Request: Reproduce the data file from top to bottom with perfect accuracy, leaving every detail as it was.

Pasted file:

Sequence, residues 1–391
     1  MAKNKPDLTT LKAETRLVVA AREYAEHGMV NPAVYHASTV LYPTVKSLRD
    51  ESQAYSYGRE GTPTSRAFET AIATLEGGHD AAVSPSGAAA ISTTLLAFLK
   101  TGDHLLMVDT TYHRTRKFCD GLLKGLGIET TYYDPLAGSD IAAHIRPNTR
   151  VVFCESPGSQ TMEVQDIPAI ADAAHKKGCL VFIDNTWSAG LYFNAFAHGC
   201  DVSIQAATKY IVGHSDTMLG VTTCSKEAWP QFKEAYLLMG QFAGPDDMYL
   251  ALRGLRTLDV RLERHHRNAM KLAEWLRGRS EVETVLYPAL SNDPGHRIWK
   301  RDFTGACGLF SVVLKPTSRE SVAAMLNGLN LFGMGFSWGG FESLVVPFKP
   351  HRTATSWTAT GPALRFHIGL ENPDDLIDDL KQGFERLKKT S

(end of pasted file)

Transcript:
Sequence, residues 1–391
     1  MAKNKPDLTT LKAETRLVVA AREYAEHGMV NPAVYHASTV LYPTVKSLRD
    51  ESQAYSYGRE GTPTSRAFET AIATLEGGHD AAVSPSGAAA ISTTLLAFLK
   101  TGDHLLMVDT TYHRTRKFCD GLLKGLGIET TYYDPLAGSD IAAHIRPNTR
   151  VVFCESPGSQ TMEVQDIPAI ADAAHKKGCL VFIDNTWSAG LYFNAFAHGC
   201  DVSIQAATKY IVGHSDTMLG VTTCSKEAWP QFKEAYLLMG QFAGPDDMYL
   251  ALRGLRTLDV RLERHHRNAM KLAEWLRGRS EVETVLYPAL SNDPGHRIWK
   301  RDFTGACGLF SVVLKPTSRE SVAAMLNGLN LFGMGFSWGG FESLVVPFKP
   351  HRTATSWTAT GPALRFHIGL ENPDDLIDDL KQGFERLKKT S